Ph.D. Ecology, University of California-Davis 2007
I am broadly interested in the ecology and evolution of plant and fungal communities. A major goal of my research is to understand the consequences of genetic variation and rapid evolution within species for the structure and functioning of diverse communities. I am particularly interested in the interactions between plants and soil microbial communities, especially mycorrhizal fungi, in determining competitive interactions between plants. To answer these questions, I use a combination of field, greenhouse, and molecular approaches. Most recently I have studied these processes in the context of exotic invasions, where I have found that rapid evolution in the chemical traits of a plant invader, combined with ecological and evolutionary changes in native plant and soil communities, may be acting to reduce the negative impacts of the invasion and allow the recovery of native communities. I will soon begin investigating the role of plant-fungal interactions in ecological responses to rapid climate change.
National Science Foundation. "Dimensions: Functional, genetic, and taxonomic diversity of plant-fungal interactions along climatic gradients and their role in climate change driven species migrations" 2011-2014.
National Science Foundation. “Resolution of evolutionary mismatches: the ecological and evolutionary processes of invasive species integration into native communities” 2009-2012.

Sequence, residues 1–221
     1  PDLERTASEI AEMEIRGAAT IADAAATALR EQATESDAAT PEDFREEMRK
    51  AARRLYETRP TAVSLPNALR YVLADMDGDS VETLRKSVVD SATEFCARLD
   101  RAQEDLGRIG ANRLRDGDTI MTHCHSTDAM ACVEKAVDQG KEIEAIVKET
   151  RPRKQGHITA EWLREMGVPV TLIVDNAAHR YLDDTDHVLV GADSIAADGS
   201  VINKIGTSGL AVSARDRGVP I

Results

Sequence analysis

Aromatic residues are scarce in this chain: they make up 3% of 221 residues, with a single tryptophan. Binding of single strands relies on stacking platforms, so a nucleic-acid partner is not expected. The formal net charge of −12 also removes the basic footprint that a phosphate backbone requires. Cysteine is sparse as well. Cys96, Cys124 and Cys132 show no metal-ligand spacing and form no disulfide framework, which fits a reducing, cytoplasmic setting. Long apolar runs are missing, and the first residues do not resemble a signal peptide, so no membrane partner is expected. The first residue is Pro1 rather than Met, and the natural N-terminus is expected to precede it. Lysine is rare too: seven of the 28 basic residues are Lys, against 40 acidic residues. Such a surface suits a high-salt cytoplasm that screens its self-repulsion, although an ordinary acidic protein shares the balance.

Fundacion BBVA Frontiers of Knowledge Grant. “Plant invasions and herbivorousness: Genetic processes and ecological causes of the success of invasive plant success”. 2007-2010. J.M.G. Reyes (PI), C.V.B. Mahan, F.P. Álvarez , J.P.M. Camacho, R.A. Lankau, R.G.M. Contreras and S.Y. Strauss
USDA-CREES NRI Grant. Genetic variation in allelopathic activity in garlic mustard (Alliaria petiolata): its role in demography and implications for management. 2007-2009. R. A. Lankau (PI) (with mentors R. Sathyamurthy and A. Davis).
Mercer Award, Ecological Society of America, 2009
Lankau, R.A. 2010. Resistance and recovery of soil microbial communities in the face of Alliaria petiolata invasions. New Phytologist. DOI: 10.1111/j.1469-8137.2010.03481.x
Lankau, R.A., E. Wheeler, A.E. Bennett, and S.Y. Strauss. 2010. Plant-soil feedbacks link the maintenance of genetic and species diversity in a plant community. Journal of Ecology. DOI: 10.1111/j.1365-2745.2010.01736.x
Lankau, R.A. 2010. Genetic variation in allelochemistry determines an invasive species' impact on soil microbial communities. Oecologia DOI 10.1007/s00442-010-1736-8
Lankau, R.A., G. Spyreas, V. Nuzzo, and A.S. Davis. 2009. Evolutionary limits ameliorate the negative impact of an invasive plant. Proceedings of the National Academy of Science of the United States. 106:15362-15367
Lankau, R.A. 2009. Genetic variation promotes long-term coexistence of Brassica nigra and its competitors. American Naturalist 174: E40-E53.
Lankau, R.A. 2008. A chemical trait creates a genetic trade-off between intra- and interspecific competitive ability. Ecology 89: 1181-1187.
Lankau, R.A. and S.Y. Strauss. 2008. Community complexity drives patterns of natural selection on a chemical defense of Brassica nigra. The American Naturalist 171: 150-161.
Lankau, R.A. and S.Y. Strauss. 2007. Mutual feedbacks maintain both genetic and species diversity in a plant community. Science 317: 1561-1563.